Sudden Infant Death Syndrome is not common, exactly, but it isn’t rare either. And despite a considerable decline in SIDS over the past 20 years, it remains the leading cause of death among babies between 1 month old and 1 year old, according to the Centers for Disease Control and Prevention.
At the same time, the underlying reasons for SIDS have remained a mystery, even after decades of study. That’s beginning to change. The latest research has dramatic implications for scientists’ understanding of SIDS, and hints at the distant possibility of a blood test that might be used to screen newborns for the syndrome.
A study published Monday in the Proceedings of the National Academy of Sciences finds a substantial number of SIDS deaths appear to be linked to elevated serotonin, a chemical that helps regulate breathing and other functions. Researchers tested the blood of 61 babies whose deaths were characterized as SIDS and found that nearly one-third of them had increased levels of the neurotransmitter in their blood.
“This is a very exciting finding,” says Rosemary Higgins, a neonatologist at the National Institute of Child Health and Human Development, which oversaw the study. “More research would need to be done, but it could possibly lead to a forensic test to distinguish SIDS deaths from other causes of death among infants.”
SIDS deaths are notoriously difficult to track, in part because some infant deaths—like accidental suffocation by bedding in an unsafe sleep environment—are counted as SIDS deaths even though they aren’t truly inexplicable. About 3,700 babies died suddenly and unexpectedly in 2015, the most recent year for which the CDC has data. The agency counts 1,600 of those 3,700 total deaths as SIDS.
So the possibility of a forensic test that could determine which deaths are truly attributable to SIDS could further doctors’ understanding of the syndrome in key ways. For example, such a test would be a necessary step toward eventually developing a screening for at-risk newborns before they die. Though the possibility of such a screening is still a long way off, Higgins says.
The latest PNAS study builds on a growing body of evidence that suggests brain abnormalities—some of which entail elevated serotonin levels—may be linked to SIDS. One previous study, published in the Journal of the American Medical Association in 2010, found a link between SIDS and lower levels of serotonin in the brain, whereas the latest PNAS study, which looked at elevated serotonin, focused on serotonin levels in the blood.
These earlier findings, coupled with the latest research, suggest that an abnormality in serotonin metabolism—leading to lower or higher levels in different parts of the body—could indicate an underlying vulnerability that increases a baby’s SIDS risk. Researchers are still working to understand a causal link, however.
Many questions remain. Because the researchers were specifically testing serotonin levels, they don’t know whether the 19 babies with elevated serotonin in their blood had any other abnormalities in common. It’s also unclear whether the same groups that suffer higher rates of SIDS deaths are also more likely to have elevated serotonin serum. For instance, black babies and Native American babies are more than twice as likely as white babies, Asian babies, or Hispanic babies to die of SIDS. Premature babies and boys are also disproportionately represented among SIDS deaths compared with full-term babies and girls. “The cost of testing and the rarity of the event are prohibitive to screening at the moment,” said Peter Blair, an epidemiologist who focuses on SIDS at the University of Bristol in England. “If we can improve identification of a small group at high risk, then maybe.”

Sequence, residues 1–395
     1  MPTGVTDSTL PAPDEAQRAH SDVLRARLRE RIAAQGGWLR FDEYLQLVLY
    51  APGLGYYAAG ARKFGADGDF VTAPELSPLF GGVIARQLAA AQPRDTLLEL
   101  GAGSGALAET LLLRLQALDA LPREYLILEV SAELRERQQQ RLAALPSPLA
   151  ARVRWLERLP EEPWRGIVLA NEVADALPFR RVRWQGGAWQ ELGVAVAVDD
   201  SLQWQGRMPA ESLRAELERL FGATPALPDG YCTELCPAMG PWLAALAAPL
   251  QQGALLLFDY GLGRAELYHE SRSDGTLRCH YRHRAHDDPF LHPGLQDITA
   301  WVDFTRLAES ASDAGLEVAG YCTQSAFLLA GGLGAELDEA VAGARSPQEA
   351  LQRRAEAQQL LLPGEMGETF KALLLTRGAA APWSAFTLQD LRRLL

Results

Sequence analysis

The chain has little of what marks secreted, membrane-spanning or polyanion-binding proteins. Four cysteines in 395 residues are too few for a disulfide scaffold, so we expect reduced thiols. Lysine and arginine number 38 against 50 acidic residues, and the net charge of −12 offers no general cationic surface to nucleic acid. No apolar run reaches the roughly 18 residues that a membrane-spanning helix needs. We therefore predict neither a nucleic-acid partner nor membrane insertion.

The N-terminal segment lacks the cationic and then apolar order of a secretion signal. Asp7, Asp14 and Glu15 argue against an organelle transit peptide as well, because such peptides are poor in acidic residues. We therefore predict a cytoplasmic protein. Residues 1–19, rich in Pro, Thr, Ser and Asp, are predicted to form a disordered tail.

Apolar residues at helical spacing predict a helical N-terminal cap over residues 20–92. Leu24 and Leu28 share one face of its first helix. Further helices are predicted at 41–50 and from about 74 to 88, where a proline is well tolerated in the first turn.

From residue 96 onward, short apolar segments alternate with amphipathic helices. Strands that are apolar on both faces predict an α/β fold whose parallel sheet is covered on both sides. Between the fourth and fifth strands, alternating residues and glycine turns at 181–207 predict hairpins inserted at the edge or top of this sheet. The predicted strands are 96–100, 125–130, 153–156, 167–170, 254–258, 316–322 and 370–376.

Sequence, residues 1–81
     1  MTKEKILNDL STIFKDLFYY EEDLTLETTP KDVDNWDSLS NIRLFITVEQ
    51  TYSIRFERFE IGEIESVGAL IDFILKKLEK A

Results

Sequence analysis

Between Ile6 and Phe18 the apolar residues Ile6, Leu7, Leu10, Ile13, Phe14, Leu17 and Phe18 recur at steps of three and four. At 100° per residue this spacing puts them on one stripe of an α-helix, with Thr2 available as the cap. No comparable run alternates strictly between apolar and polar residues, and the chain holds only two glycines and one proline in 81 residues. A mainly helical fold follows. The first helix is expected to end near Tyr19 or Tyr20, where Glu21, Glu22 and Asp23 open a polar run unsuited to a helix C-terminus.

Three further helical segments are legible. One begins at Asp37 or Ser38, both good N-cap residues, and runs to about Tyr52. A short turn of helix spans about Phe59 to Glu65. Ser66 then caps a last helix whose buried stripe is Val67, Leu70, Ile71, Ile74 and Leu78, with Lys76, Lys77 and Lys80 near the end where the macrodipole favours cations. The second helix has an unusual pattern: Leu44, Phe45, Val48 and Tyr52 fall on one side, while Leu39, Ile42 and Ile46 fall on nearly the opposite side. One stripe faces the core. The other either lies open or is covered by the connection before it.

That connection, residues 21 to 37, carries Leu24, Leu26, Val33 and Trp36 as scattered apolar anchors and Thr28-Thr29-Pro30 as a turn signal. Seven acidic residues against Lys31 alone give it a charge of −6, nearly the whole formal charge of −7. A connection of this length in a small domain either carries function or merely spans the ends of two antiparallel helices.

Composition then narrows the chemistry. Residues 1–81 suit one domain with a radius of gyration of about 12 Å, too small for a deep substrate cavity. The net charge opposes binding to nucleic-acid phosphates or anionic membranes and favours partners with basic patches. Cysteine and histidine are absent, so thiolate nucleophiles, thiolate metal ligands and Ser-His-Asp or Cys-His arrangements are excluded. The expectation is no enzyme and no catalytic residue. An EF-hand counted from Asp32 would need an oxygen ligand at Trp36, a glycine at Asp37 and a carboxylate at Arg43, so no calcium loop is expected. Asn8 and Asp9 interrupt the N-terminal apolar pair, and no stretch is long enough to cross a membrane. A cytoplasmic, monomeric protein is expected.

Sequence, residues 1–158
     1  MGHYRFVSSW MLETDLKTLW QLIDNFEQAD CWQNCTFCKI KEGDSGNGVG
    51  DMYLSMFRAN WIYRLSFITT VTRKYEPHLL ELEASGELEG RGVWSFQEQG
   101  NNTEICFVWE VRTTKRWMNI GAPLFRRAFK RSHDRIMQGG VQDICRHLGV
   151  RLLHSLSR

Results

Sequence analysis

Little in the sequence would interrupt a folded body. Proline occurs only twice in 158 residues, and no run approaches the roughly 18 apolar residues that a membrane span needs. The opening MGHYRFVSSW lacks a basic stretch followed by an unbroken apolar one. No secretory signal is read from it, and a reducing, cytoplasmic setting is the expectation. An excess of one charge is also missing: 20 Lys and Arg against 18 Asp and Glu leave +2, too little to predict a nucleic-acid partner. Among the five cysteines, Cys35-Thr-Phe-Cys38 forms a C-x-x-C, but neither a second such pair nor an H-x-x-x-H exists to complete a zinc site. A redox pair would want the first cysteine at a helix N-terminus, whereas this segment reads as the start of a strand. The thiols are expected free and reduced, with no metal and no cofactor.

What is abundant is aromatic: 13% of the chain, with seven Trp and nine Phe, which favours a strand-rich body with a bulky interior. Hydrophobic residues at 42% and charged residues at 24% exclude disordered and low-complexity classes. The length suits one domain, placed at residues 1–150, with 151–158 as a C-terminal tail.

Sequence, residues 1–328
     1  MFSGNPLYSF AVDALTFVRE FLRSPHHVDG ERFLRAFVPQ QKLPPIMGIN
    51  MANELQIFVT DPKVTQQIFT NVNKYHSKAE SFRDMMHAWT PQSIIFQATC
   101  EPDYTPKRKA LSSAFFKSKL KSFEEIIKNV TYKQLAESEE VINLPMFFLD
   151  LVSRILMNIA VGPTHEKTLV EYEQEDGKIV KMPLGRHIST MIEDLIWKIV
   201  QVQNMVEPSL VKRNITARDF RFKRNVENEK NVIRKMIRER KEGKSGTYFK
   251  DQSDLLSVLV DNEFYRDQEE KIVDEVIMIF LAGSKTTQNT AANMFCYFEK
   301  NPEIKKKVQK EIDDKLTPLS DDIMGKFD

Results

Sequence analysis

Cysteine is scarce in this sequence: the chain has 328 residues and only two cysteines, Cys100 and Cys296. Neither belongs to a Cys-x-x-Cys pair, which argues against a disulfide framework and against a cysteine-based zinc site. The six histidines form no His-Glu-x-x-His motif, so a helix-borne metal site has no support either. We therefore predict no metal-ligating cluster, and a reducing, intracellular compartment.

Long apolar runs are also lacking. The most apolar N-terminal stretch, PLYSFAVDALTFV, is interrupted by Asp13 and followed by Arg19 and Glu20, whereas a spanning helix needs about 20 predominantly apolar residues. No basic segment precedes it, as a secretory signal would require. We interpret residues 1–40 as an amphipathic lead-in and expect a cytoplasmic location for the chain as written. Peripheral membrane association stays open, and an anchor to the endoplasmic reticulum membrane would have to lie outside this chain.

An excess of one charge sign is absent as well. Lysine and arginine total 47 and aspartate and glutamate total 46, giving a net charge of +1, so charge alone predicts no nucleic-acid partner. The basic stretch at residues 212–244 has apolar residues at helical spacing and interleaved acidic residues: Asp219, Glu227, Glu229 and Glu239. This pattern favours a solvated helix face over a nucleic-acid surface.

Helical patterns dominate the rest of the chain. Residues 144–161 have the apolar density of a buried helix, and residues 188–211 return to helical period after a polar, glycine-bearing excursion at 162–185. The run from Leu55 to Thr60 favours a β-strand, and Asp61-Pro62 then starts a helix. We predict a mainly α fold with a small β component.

One of the biggest questions posed by the latest study is: Just how big of a risk factor is increased serotonin in the blood? In other words, among babies who have higher levels of serotonin in their blood, how much more likely are they to be victims of SIDS? After all, most of the babies in the study group had normal blood serotonin levels.
Most researchers view the syndrome as part of a “triple-risk model,” meaning SIDS results from three interacting factors that affect the baby all at once. The three factors in the triple-risk model include the underlying vulnerability, the stressful environment, and the critical phase of development that the infant is in. Under this model, an infant with an underlying vulnerability would also have to be in a bad situation—like being placed on his or her stomach when put to sleep, which is unsafe for newborns—to trigger SIDS.
Although SIDS deaths are sudden, a latent vulnerability may be present for days or months prior to death, the researchers of the PNAS study wrote, and may even originate during gestation.
For the time being, the best advice for parents and other caregivers who are worried about SIDS is still to follow the “safe to sleep” guidelines: That means a baby should always be put to bed in an empty crib with a firm mattress. The crib should be free of any toys, bedding, blankets, or pillows. And the baby should be placed flat on his or her back.
But it will be hard to completely eliminate the risk for SIDS until scientists understand just where it comes from.
“Just as important with these findings," says Blair, who did not work on the study, "is that we are getting closer to identifying causal mechanisms for SIDS. The welcome fall in [SIDS-death] rates is due to good risk-reduction advice rather than an increased understanding of why these infants die.”